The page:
Feature story by Pat Middleton may not be used without written permission from Great River Publishing
Birders craving an excuse to “head on down to the river” during the months of December through March, take note! The major concentrations of American bald eagles in the entire continental U.S. now winter near the open waters at the Locks and Dams of the Mississippi River.
From Red Wing, Minnesota, to Reelfoot Lake, Tennessee, organized public eagle watches are celebrating one of our nation’s brightest environmental come-backs.
The American Bald Eagle is nothing if not resilient. In the 1960’s Rachel Carson drew attention to their devastating decline with her report that on the entire Mississippi River her counters found only 59 eagles. The effects of DDT, habitat destruction, and human persecution had taken a toll on a population, which once counted many thousands on the Upper River. The few remaining birds tended to winter near Union Dam in Keokuk, Iowa, where fish stunned by the turbulence and aeration of the water offered eagles easy foraging. Opposite Keokuk, along the Illinois shore, large trees, sheltered by the Iowa bluffs provided excellent perching and roosting sites.
Although DDT was banned in 1972, it wasn’t until 1985 that people started to notice a true increase in the eagle population. Pat Schlarbaum, at the time a Fish & Wildlife Specialist with the Iowa DNR, thought it was time to celebrate.
“The Keokuk Eagle Watch Days were really instigated as a celebration of the success of our wintering population of eagles,” Pat says. “We had no idea the notion would catch on along the entire river. The Keokuk Watch now features nearly 500 wintering eagles, volunteer spotters, donated binoculars and spotting scopes. It’s exciting enough to draw viewers from around the nation. In addition, the public lectures and presentations by DNR personnel, volunteers from Raptor Rehab Centers, and the Army Corps of Engineers have provided our agencies with an outstanding opportunity to educate the general public about raptors, our birds of prey. Volunteers bring not only live eagles, but owls, hawks, and even peregrine falcons to the presentations.” (continued below, Click CONTINUE READING)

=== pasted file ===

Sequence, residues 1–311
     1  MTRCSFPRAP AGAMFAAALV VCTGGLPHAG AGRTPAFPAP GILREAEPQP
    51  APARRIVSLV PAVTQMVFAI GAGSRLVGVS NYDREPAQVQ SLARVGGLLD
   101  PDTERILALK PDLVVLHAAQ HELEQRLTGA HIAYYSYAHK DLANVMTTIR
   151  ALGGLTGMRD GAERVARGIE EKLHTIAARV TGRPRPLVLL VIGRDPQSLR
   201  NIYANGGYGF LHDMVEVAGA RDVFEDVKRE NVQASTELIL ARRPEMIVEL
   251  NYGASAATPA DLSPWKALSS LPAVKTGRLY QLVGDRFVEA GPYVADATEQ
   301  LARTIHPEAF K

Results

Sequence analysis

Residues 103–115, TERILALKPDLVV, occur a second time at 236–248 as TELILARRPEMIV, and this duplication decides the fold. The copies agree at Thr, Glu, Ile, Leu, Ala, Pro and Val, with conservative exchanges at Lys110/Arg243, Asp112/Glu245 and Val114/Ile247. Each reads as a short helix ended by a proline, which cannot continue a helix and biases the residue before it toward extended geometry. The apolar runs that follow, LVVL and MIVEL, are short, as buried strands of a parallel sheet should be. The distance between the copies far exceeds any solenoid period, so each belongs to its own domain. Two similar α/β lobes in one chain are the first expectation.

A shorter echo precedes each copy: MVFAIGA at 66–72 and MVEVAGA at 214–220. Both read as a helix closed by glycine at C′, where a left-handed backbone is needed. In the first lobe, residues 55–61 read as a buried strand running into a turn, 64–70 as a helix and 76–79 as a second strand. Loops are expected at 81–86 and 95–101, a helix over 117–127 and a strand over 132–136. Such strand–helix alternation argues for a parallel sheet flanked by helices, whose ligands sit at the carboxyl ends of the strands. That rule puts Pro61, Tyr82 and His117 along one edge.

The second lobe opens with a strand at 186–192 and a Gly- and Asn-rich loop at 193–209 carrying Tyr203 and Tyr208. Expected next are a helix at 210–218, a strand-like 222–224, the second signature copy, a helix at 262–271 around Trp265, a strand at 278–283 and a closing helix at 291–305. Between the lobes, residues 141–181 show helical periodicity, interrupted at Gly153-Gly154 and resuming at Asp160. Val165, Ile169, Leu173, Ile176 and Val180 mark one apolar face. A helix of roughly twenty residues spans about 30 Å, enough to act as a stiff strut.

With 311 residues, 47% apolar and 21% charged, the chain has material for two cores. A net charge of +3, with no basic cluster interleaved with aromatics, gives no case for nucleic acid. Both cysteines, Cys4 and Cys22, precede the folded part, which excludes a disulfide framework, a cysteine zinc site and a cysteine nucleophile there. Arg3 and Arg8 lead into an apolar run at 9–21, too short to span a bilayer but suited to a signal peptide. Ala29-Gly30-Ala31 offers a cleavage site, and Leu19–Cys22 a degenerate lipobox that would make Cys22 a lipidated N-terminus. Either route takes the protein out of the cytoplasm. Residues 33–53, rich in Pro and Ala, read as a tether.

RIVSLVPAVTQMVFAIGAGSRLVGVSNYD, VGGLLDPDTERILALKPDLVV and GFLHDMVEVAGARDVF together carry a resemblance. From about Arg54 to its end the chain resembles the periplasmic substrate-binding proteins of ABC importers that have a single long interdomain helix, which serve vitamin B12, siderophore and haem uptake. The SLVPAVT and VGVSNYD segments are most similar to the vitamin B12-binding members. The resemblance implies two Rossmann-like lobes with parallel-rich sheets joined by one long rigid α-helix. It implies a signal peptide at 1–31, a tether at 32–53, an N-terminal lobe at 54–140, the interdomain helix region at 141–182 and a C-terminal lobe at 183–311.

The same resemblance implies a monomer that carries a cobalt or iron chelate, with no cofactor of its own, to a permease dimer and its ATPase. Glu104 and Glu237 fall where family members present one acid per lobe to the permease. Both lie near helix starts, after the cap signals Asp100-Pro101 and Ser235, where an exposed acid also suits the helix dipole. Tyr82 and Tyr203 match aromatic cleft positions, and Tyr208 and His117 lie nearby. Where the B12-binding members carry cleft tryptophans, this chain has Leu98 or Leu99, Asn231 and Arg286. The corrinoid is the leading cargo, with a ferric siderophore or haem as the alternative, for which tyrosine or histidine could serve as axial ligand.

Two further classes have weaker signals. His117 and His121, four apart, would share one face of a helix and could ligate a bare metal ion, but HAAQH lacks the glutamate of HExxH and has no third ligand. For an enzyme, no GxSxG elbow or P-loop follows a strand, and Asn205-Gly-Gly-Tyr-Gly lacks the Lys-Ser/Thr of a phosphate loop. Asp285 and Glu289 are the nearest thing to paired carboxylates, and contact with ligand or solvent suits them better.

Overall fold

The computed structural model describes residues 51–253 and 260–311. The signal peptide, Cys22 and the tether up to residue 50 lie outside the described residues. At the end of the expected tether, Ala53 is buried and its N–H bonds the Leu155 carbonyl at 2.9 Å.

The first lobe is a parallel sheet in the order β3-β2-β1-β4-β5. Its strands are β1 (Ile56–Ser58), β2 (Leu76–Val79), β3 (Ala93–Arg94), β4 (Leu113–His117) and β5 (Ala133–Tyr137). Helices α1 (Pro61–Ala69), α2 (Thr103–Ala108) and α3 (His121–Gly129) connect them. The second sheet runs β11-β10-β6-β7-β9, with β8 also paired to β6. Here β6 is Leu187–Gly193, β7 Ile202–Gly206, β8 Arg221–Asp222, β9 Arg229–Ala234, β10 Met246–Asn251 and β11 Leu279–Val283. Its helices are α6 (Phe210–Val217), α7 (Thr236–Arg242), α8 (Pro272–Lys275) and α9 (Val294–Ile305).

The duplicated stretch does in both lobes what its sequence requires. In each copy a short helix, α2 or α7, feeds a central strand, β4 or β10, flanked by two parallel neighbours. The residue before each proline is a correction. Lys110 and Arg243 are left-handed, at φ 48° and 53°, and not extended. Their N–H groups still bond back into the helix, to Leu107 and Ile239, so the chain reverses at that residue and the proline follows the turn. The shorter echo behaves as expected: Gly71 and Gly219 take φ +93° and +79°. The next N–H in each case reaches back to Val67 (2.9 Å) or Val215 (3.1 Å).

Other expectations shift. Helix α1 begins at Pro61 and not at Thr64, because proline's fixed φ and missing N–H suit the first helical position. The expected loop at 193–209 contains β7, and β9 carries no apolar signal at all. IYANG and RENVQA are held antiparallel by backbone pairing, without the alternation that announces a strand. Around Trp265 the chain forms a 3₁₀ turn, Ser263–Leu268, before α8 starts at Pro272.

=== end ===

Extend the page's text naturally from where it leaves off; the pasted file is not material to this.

Pat Schlarbaum considers the educational aspect to be the most important element of the formal Eagle Watch Days. “Americans brought with them a European concept that raptors were basically ‘bad’ birds. That attitude made hawks, eagles, and falcons attractive targets for shooters. Farmers and ranchers often felt the birds threatened the young stock and poisoning was widespread. In fact, eagles are unable to lift anything heavier than five pounds.”
“And we don’t just talk eagle lore at the presentations,” Pat added, “it’s a great opportunity to explain, for example, how owls are ideally suited for night hunting—they can hear and instantly locate the beating heart of a mouse.
Eagles and hawks are day-hunters—therefore their eyes are sharp enough to read the print on a newspaper from the opposite end of a football field—that’s nearly seven times as sharp as human eyes! The fierce glare of an eagle’s eye is not because they are so fierce, but because the heavy brow serves as natural visors or sunglasses, for the day hunter.”
While formal community Eagle Watch days are often limited to a single weekend per year, eagle viewing is possible nearly non-stop from December until early March. As waters freeze in Canada, northern Wisconsin and Minnesota, eagles flow down from to forage the open water found below dams and power plant. The population along the Mississippi may now be as high as 5,000 eagles.